# A new question about solvability of a direct product

I had asked that if $G$ is a direct product of a $2$-group and a simple group, then is it possible that $G$ be a solvable group. That the answer is no! But by a Remark on T.M. Gagen, Topics in Finite Groups, London Math. Soc. Lecture Note Ser., vol. 16, Cambridge Univ. Press, Cambridge, 1976. I am confused! I will write the Remark below:

Definition 11.3. A group $G$ with an abelian Sylow $2$-subgroup is said to be an $A^*$-group, if $G$ has a normal series $1\subseteq N \subseteq M \subseteq G$ where $N$ and $G/M$ are of odd order and $M/N$ is a direct product of a $2$-group and simple groups of type $L_2(q)$ or $JR$.

Theorem A. Let $G$ be a finite group with an abelian Sylow $2$-subgroup. Then $G$ is an $A^*$-group.

Remark. If a group $G$ has an abelian Sylow $2$-subgroup $T$ of rank $1$, then $G$ is solvable and $2$-nilpotent and clearly an $A^*$-group. If $T$ has rank $2$, then $G$ is $2$-nilpotent unless $T$ is of type $( 2^\alpha , 2^\alpha )$ . But then if $\alpha > 1$, $G$ is solvable by  and clearly an $A^*$-group since it has $2$-length $1$. Thus we may assume that $|T | = 4$ and then we can apply the results of . Again $G$ is an $A^*$-group.

By the Remark, it is possible that $G$ (with abelian sylow $2$-group) be a solvable group. In this case $M$ and then $M/N$ must be solvable, and can not be have a simple group as its direct factor. a contradiction with Definition!

Am I right?!

• I think you are. Either some confusion exists there with some definition (do you have a direct link to that paper?) or else that could be a rather major blunder...Unless the remark should have remarked the rank 1 thing, which perhaps is what makes $\,G\,$ solvable! – DonAntonio Jun 25 '13 at 18:57
• Please see here for how to use Markdown formatting (italics is not the same thing as math mode). – Zev Chonoles Jun 25 '13 at 18:58
• Hmmm...yet there still is a problem, me believes... – DonAntonio Jun 25 '13 at 19:03

## 1 Answer

This is a matter of convention. When $G$ is solvable, $M/N$ is an (abelian) 2-group. It is still the case that $M/N$ is the direct product of a 2-group and a set of simple groups, each isomorphic to $L_2(q)$ or $J_1$ or $^2G_2(q)$. In case $G$ is solvable, that set of simple groups is empty.

The remark is trying to clarify what happens in the low rank cases, where typically the result is a solvable group. In the $2^a$ case, Cayley showed you can take $G/M=1$, $M/N$ the cyclic Sylow 2-subgroup. In the $2^a \times 2^a$ ($a>1$) case Brauer's result shows $G/M$ can be taken to have order 1 or 3, and $M/N$ to be the homocyclic Sylow 2-subgroup. In the non-homocyclic case, Burnside or Frobenius shows you can take $G/M=1$ and $M/N$ to be the Sylow 2-subgroup. Only in the case $C_2 \times C_2$ (amongst rank 1 or 2) do you get to the case supporting a non-solvable $M/N$.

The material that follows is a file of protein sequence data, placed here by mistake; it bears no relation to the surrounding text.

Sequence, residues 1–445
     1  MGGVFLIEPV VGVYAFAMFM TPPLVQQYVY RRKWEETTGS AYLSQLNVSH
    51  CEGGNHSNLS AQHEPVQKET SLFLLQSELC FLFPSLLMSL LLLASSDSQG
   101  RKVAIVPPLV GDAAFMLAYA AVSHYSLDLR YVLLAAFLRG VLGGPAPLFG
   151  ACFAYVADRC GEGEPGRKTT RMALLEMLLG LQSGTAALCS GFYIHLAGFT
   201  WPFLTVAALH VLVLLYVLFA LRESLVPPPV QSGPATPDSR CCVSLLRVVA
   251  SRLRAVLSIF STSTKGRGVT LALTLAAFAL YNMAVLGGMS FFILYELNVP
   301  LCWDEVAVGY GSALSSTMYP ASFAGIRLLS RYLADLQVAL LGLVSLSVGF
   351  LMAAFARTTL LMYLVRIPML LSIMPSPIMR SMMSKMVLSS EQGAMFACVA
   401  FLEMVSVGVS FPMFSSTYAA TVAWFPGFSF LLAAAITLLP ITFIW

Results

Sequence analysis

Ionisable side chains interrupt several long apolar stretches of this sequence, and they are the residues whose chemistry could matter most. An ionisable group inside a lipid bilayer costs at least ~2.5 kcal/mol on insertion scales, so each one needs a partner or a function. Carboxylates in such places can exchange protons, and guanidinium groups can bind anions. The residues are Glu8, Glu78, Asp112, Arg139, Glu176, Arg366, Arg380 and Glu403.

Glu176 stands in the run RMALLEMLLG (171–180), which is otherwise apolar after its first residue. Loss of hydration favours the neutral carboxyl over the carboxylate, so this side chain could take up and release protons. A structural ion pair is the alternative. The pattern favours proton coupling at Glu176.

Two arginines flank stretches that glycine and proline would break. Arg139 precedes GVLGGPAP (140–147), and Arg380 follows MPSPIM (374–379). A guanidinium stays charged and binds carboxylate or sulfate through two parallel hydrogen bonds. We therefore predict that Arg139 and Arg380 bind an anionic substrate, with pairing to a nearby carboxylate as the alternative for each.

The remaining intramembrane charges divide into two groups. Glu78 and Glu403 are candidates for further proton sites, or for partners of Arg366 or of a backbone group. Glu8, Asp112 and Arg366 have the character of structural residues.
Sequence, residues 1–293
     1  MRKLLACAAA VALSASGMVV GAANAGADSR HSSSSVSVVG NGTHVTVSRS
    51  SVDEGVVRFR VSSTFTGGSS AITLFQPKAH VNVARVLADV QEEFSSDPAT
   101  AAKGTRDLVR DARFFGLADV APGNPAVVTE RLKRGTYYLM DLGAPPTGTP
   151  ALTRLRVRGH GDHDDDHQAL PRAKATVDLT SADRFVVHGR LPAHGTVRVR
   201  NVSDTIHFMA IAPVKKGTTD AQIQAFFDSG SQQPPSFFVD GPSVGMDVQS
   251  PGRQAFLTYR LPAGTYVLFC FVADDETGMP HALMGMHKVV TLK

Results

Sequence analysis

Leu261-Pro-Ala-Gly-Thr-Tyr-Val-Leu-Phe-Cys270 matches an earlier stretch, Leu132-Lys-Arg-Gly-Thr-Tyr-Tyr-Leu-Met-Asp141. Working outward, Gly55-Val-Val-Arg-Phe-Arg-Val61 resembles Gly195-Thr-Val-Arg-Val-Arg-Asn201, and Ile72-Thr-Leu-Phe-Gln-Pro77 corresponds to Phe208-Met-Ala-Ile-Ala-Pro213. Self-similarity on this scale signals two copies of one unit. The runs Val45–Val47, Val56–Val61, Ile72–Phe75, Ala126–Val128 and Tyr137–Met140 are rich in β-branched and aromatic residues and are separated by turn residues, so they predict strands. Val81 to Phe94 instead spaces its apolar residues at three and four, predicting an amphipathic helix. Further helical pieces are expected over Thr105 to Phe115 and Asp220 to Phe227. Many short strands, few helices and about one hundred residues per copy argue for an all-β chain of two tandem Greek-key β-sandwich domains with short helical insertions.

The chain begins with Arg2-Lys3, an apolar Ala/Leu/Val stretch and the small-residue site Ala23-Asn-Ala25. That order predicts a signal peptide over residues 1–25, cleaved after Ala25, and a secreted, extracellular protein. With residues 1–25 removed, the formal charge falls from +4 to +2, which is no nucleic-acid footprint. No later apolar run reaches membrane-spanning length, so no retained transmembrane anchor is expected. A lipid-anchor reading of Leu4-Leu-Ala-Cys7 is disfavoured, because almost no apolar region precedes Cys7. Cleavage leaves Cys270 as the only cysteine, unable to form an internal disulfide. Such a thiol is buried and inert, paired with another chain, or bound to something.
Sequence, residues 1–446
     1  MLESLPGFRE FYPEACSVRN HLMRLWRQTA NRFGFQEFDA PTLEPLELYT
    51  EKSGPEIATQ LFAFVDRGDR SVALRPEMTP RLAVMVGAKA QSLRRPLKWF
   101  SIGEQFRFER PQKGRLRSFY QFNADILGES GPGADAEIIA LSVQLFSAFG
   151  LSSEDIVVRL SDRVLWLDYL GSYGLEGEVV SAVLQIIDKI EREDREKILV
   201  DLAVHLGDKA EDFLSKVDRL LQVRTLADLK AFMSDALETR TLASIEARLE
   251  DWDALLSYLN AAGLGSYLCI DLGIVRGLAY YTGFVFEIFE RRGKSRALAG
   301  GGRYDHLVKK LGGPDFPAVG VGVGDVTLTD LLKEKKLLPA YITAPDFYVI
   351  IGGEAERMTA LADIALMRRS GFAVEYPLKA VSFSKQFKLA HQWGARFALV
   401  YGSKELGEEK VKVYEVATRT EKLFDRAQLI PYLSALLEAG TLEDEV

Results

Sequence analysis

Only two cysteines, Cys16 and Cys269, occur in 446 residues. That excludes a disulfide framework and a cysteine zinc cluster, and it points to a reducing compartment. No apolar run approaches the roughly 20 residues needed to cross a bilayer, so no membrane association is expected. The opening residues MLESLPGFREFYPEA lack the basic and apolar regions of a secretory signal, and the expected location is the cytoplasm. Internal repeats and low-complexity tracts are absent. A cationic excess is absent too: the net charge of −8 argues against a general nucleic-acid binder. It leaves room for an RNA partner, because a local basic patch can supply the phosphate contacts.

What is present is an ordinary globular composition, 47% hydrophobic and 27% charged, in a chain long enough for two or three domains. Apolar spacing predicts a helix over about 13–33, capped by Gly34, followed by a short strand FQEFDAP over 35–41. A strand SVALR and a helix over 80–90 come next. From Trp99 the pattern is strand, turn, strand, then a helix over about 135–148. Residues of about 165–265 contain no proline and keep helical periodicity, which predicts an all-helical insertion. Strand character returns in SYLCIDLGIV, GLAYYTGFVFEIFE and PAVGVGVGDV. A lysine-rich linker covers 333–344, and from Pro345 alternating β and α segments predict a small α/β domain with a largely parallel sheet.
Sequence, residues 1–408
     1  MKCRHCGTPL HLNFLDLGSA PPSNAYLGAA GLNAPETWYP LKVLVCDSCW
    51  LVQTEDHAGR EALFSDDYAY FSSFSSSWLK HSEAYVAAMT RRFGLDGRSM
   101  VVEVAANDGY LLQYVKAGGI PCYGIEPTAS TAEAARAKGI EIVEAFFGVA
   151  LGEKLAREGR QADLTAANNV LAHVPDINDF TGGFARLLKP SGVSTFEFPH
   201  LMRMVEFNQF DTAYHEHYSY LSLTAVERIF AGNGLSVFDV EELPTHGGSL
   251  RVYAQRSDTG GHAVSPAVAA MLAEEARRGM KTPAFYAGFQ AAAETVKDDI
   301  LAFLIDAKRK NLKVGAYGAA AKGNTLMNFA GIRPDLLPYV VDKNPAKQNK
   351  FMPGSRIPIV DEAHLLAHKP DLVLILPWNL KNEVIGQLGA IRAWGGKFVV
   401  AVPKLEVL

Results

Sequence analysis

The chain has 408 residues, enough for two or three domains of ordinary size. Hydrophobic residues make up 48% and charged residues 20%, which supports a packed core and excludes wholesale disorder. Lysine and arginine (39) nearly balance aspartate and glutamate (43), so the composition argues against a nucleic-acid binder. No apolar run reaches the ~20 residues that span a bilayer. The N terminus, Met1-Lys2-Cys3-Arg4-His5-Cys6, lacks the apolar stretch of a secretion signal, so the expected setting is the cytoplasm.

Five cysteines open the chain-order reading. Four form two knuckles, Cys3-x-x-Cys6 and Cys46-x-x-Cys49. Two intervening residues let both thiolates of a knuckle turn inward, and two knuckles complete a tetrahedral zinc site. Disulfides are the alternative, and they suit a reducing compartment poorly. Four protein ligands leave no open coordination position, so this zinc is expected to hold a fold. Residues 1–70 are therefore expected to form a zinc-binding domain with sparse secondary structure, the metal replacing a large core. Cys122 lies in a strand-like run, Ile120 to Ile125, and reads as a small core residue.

Rank 3 is interesting because of $J_1$ and $^2G_2(q)$.

I'll mention that Gagen, Bender, and Gorenstein all use the same phrasing, and all intend to allow the groups to be solvable as well as non-solvable.

Another small point: Gagen and Bender use the name “$A^*$-group” rather than “$A$-group” used by Gorenstein. The definitions are actually nearly identical; I believe they are trying to avoid confusion with a similar (weaker) result classifying A-groups in the sense of Hall: groups in which all Sylow subgroups are abelian.

• Thanks a lot. Is there any thing(book, paper, ...) about solvable groups. I need some property of solvable groups for my thesis, but I can't find what I need!!! I have read Rose and Gorenstein. Thanks again. – Adeleh Jun 25 '13 at 20:02
• Doerk–Hawk Finite Solvable Groups and Huppert Endliche Gruppen are pretty thorough for solvable groups. What sort of (already known) results are you looking for? – Jack Schmidt Jun 25 '13 at 20:27
• Thanks for your suggestion. I need some things about property of sylow subgroups of a solvable group and some thing else that may be very simple or may not be true!! For example is it always true that $Z(G)\leq \Phi(G)$ where $G$ is solvable? and other things like this. I hope that the first book be helpful. The second is germany, and I can't use it however I think that is very useful book. – Adeleh Jun 26 '13 at 7:34
• Generally “central” and “Frattini” have a similar feel, but they are independent. For instance the center of the cyclic group of order 2 is large, while the frattini is small, but the dihedral group of order 18 has a large frattini subgroup and a small center. The central chief factors are covered by the system normalizers, and the frattini chief factors are covered by the pre-frattini subgroups. The largest normal subgroup contained in a system normalizer is the hypercenter (formed by the longest chain of centrals); in a prefrattini is the frattini (formed by the longest chain of frattinis). – Jack Schmidt Jun 26 '13 at 14:16